• Spring-time view of the seashore, with shorebirds returning to the surf.

    Cape Hatteras

    National Seashore North Carolina

Nature Viewing & Photography

Group of white ibis in a tree

White ibis in a tree

NPS

Natural beauty abounds at Cape Hatteras National Seashore. Birds migrate through, taking advantage of the coastal ecosystems. The night skies of Cape Hatteras are some of the darkest skies east of the Mississippi River, making star-gazing a wonder to behold, while the sunrises and sunsets are artistic displays of color. Ocracoke Island, the southern island in Cape Hatteras National Seashore, is home to a herd of banker ponies. Different wildflowers signal changes in the seasons.
 
Tricolored Heron

Tricolored Heron

NPS

Birds
Cape Hatteras National Seashore is a wonderful place to look for birds. Over 400 species have been spotted in and around the seashore, though the number and types of birds viewable here changes with the season, as well as the habitat you visit. Refer to the checklist to see when certain species are around, or where you might find them.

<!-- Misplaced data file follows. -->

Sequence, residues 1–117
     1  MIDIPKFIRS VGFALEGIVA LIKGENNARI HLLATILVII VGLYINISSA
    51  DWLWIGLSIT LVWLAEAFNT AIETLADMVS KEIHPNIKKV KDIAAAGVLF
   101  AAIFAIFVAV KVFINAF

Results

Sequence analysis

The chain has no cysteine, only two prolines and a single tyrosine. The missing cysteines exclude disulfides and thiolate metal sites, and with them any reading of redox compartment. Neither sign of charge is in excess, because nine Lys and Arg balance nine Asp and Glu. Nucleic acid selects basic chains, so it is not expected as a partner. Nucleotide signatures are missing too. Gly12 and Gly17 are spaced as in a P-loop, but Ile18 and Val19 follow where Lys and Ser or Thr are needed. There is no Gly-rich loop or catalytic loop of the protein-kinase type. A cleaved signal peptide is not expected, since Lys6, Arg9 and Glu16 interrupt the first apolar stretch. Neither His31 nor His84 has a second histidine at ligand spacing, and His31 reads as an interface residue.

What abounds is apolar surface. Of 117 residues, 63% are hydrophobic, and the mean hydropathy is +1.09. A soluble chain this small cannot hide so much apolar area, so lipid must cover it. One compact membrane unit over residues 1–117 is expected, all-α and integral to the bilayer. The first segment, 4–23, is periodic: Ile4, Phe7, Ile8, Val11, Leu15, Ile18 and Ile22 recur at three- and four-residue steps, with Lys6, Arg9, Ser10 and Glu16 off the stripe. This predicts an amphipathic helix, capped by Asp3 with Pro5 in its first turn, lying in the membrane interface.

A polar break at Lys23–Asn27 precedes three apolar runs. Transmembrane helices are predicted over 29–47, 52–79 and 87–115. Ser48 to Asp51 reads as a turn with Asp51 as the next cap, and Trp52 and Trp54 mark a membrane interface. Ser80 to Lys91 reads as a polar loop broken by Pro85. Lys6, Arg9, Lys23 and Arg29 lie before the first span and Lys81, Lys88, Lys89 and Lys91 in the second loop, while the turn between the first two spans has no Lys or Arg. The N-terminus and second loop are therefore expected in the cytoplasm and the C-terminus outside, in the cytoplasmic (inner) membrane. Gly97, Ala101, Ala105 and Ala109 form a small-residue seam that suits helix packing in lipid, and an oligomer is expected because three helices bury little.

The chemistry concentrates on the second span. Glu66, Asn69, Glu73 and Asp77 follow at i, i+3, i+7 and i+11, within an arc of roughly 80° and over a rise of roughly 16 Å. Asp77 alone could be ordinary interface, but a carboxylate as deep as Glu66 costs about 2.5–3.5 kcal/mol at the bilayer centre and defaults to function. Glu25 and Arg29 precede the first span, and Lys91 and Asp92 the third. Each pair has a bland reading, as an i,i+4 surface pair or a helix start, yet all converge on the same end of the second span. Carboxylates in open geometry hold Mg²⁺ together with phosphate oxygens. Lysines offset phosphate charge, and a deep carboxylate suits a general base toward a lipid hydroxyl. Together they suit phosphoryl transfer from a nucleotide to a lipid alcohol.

Night Sky
Some of the darkest night skies in the United States of America east of the Mississippi River are found here, making this an ideal spot for gazing at stars. You can view celestial wonders just about anywhere in the seashore, as well as during any time of year. During the summer and fall, there are full moon climbs offered at the Cape Hatteras Lighthouse for a chance to look at the night sky from a different perspective.
 
Two Ocracoke ponies

Ocracoke Ponies

NPS

Ocracoke Ponies
Ocracoke Island is home to a herd of ponies that you can view from two viewing decks found at the Pony Pen & Parking Lot. The Ocracoke ponies have a long and storied history that extends to today's care of them.

 

Did You Know?

This artist's rendering shows the U.S.S. Monitor foundering in a storm off of Cape Hatteras in December 1862.

The U.S.S. Monitor sank off Cape Hatteras during a storm in December 1862. The wreck's location was a mystery until 1973 when a research vessel found the ship 16 miles off the cape in 230 feet of water. In 1975, the Monitor was named the nation’s first National Marine Sanctuary.